Out of the mould
Sculptor Bill Chan Kwok-man spends much of his time quietly chipping away at his work, carving up wooden blocks, polishing marble surfaces and welding steel at his Tuen Mun studio. 'Most of the time, being an artist is very lonely,' he says.
So when he was invited recently to work in an open public space against the backdrop of the Hong Kong skyline on the West Kowloon Waterfront Promenade, the veteran artist was taken not only by the sweeping vista but by the attention.
'When I worked out here, passers-by gathered around to watch me working,' says Chan, who started sculpting in 1982. 'I love when they ask me questions. The more the merrier. I think they can also feel and share our happiness and satisfaction in completing a work of art.'
While working in a studio helps him concentrate, 'I feel much more relaxed when I'm working outdoors in the lovely weather. Inspiration just keeps flooding in,' he says.
Fellow sculptor Christopher Rothermel also enjoys working outside the studio, particularly in a group with other artists.
'Even though I don't derive inspiration from looking at other artists' works per se, I do gather inspiration from the way they think about their work,' says the American artist, an assistant visual arts professor at Baptist University.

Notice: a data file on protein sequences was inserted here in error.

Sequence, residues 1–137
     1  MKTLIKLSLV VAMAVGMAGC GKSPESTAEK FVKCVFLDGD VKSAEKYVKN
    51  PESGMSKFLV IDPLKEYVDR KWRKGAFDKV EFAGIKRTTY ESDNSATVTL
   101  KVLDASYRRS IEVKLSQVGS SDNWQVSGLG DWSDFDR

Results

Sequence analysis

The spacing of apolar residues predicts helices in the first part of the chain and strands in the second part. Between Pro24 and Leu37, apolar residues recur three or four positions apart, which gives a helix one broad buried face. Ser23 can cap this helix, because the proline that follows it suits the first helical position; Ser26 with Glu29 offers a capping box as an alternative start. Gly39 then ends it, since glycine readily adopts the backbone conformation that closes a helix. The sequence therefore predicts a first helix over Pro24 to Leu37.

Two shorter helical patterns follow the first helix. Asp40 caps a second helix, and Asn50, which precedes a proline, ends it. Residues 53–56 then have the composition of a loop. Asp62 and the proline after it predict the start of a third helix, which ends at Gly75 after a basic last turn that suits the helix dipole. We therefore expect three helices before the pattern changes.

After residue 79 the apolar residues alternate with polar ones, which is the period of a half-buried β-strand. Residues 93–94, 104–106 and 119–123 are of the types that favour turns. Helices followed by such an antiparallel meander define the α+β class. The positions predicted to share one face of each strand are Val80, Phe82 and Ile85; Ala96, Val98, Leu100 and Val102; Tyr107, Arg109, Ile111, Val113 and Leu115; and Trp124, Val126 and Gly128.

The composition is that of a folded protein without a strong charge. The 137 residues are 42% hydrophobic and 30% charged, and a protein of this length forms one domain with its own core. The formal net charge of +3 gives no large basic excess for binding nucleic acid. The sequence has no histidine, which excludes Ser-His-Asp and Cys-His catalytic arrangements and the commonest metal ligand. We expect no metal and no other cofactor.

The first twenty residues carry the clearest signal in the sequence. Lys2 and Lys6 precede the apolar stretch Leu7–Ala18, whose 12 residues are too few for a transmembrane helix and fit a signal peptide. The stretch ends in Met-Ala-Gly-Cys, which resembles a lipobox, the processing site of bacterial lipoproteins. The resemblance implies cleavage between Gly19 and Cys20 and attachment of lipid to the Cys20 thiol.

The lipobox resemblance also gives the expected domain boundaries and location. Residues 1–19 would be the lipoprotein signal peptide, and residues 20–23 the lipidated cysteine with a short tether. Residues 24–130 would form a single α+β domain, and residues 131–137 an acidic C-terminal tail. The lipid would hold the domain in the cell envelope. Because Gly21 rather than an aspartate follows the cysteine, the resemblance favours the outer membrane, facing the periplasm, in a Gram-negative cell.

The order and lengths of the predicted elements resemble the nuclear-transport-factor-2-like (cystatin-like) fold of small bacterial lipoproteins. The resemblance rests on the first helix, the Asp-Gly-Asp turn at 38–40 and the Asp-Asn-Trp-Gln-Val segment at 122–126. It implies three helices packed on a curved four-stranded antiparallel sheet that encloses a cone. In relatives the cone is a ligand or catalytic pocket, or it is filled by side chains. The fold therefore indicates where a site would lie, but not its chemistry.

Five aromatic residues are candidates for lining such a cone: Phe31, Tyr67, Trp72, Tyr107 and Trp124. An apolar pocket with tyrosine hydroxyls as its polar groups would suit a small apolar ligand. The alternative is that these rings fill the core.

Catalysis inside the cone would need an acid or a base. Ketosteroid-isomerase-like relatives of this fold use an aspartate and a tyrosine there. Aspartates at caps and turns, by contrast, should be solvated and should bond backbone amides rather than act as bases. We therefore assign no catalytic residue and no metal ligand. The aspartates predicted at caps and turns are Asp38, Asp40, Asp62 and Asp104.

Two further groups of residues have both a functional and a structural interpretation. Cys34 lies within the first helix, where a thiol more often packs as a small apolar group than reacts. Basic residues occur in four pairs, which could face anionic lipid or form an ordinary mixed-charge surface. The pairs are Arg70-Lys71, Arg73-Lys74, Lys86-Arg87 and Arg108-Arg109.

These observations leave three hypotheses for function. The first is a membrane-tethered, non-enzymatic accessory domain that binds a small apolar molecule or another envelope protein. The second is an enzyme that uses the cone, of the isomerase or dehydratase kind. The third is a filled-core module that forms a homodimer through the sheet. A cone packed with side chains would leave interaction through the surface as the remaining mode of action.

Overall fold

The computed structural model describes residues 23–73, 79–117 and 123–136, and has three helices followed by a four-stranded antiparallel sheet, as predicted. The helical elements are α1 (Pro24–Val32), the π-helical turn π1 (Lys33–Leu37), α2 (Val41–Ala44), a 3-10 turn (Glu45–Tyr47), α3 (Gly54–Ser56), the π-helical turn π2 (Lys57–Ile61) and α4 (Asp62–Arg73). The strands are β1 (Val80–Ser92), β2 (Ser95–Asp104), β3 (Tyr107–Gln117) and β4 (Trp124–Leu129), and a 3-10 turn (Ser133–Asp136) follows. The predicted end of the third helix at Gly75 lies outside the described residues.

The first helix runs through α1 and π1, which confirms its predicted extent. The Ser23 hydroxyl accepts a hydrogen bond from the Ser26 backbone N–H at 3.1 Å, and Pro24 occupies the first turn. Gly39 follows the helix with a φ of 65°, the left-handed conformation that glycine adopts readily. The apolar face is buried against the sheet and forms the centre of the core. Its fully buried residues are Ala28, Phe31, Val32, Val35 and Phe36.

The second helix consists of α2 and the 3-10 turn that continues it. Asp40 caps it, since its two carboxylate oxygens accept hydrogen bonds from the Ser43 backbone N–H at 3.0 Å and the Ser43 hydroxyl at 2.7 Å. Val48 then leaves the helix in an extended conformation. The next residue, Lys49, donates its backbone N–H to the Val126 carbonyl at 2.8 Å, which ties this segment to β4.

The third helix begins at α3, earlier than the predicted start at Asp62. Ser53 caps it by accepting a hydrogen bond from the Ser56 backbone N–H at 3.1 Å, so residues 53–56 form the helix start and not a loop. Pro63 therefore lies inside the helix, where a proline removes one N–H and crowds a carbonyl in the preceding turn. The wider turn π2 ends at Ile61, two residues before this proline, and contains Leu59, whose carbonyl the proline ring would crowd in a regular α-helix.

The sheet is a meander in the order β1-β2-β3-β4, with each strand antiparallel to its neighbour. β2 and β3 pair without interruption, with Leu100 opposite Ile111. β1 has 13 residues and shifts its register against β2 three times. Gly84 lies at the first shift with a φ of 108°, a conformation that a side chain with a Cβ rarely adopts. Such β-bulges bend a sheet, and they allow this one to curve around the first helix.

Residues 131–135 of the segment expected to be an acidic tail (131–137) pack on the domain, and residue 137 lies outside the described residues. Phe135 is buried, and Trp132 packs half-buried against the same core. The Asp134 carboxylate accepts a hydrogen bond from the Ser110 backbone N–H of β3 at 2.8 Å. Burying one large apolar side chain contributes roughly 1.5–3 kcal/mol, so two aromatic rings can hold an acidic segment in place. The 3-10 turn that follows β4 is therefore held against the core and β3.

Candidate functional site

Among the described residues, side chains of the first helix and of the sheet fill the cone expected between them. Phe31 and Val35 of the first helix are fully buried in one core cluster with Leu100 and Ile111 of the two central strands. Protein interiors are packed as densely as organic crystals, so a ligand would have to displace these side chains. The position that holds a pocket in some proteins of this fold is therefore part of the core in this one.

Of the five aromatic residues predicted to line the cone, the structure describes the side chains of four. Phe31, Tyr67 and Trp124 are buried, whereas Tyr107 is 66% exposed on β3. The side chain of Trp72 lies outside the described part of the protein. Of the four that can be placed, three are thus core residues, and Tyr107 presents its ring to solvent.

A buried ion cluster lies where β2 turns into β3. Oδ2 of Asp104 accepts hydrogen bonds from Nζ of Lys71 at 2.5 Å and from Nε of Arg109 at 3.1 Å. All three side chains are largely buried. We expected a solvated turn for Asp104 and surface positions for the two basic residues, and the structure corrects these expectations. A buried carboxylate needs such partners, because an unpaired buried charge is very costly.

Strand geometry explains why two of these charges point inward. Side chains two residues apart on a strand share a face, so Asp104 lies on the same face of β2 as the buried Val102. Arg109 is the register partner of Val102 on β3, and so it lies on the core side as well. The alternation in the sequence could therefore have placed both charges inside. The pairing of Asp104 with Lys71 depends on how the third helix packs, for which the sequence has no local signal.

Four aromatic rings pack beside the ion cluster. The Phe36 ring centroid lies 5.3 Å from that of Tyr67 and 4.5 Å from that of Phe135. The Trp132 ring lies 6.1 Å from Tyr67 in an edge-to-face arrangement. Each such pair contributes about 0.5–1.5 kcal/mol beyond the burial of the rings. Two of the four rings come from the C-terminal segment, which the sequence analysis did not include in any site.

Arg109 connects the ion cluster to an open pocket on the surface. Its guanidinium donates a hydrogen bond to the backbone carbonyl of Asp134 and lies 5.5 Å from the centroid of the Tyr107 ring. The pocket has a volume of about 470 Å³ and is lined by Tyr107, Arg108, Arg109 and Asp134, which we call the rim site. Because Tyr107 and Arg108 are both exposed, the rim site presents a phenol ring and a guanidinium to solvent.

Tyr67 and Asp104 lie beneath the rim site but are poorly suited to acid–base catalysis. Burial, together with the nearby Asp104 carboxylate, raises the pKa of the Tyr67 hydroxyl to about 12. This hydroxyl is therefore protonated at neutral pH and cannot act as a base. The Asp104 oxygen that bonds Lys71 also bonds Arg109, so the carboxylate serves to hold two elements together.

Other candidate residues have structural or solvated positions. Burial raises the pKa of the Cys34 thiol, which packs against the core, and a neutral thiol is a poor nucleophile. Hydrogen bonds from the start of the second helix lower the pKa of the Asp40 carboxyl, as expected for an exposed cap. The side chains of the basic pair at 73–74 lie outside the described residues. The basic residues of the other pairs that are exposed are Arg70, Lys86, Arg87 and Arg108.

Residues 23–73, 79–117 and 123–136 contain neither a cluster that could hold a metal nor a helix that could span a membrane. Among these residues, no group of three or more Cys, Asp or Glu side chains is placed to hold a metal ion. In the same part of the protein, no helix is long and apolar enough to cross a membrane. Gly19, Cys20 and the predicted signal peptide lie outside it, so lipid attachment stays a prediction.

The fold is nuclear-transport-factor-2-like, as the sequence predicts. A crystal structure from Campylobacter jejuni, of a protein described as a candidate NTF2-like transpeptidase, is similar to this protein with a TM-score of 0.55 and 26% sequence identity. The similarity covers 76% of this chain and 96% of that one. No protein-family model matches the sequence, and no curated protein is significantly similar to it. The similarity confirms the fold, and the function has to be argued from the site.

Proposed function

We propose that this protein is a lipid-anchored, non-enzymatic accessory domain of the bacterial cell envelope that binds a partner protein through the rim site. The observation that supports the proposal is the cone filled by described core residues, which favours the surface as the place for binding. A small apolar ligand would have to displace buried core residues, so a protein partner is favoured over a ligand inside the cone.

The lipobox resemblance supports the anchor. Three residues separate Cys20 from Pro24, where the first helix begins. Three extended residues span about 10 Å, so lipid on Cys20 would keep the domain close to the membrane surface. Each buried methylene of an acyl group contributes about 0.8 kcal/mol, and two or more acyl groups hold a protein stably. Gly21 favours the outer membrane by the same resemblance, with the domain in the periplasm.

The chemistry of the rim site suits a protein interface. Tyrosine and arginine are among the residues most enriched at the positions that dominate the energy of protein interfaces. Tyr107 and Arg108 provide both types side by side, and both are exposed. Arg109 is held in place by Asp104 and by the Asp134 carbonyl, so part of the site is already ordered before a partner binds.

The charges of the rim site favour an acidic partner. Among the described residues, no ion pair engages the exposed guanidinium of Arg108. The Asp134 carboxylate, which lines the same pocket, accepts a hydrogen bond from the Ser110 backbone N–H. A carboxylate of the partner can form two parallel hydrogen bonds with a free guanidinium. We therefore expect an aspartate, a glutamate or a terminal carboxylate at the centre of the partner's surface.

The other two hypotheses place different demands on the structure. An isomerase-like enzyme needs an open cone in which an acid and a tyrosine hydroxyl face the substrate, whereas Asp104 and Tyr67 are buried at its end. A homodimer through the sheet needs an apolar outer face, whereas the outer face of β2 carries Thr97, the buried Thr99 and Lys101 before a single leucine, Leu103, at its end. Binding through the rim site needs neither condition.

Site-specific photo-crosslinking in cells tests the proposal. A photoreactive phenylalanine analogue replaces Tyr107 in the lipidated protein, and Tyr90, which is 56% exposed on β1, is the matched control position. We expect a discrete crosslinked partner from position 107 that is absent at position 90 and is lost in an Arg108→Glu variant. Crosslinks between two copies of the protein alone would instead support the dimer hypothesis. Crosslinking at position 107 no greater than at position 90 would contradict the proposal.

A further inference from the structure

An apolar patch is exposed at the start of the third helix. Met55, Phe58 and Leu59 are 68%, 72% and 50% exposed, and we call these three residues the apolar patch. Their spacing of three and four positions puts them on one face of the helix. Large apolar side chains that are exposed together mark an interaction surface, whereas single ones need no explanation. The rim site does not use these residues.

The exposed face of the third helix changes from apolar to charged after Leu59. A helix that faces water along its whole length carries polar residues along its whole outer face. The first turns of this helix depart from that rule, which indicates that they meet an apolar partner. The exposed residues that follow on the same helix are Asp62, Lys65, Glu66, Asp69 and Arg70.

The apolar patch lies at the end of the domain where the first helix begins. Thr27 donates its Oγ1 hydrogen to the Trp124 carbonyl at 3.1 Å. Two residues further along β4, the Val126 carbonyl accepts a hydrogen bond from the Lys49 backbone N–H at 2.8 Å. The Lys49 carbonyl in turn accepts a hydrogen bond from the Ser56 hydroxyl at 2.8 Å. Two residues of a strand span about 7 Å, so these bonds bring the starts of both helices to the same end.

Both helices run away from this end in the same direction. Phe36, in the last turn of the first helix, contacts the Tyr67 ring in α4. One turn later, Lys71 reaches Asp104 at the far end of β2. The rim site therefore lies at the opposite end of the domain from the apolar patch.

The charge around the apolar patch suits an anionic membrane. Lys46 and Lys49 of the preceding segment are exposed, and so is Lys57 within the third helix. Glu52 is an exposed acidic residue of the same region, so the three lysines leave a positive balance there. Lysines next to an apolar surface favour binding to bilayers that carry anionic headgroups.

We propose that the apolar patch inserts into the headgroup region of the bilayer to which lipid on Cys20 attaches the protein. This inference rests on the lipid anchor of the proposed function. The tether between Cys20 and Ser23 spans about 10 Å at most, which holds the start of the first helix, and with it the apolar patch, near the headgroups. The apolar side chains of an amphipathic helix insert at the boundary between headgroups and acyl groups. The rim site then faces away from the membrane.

Chan and Rothermel are among the 14 local and foreign sculptors who took part in last month's International Sculpture Symposium, organised by the Leisure and Cultural Services Department (LCSD). The 11-day event gave the public the opportunity to learn about sculpture through talks and demonstration workshops and provided artists with a chance to venture outside their studios and share their ideas with their peers.
Coming from as far afield as the Czech Republic and Zimbabwe, participating artists were each asked to produce a site-specific piece on the West Kowloon Waterfront Promenade during the symposium. Their works are now on display on the promenade until April 19.
Entitled Oasis.Mirage, the exhibition is jointly organised by the LCSD and the Hong Kong Sculpture Society. It features 36 sculptures made of marble, wood, stainless steel, red sandstone and bamboo, exploring sculptural aesthetics, symbolism and social issues such as the effects of urbanisation.
Chan's The Insects of City consists of three large insects made of stone and metal, with the heaviest weighing more than 272kg. The vast open spaces of the exhibition's outdoor setting enhances the works' visual impact. The sculptor says these creatures were inspired by the hammers and wrenches in his studio.
'I saw the tools randomly scattered on my work station, and they looked exactly like two fighting crickets,' Chan says. 'It is very difficult for us to find insects in Hong Kong because there aren't enough plants for them to feed on. My work expresses what I look forward to seeing in the big city. I hope we can have more plants so that more insects can be found in the city.'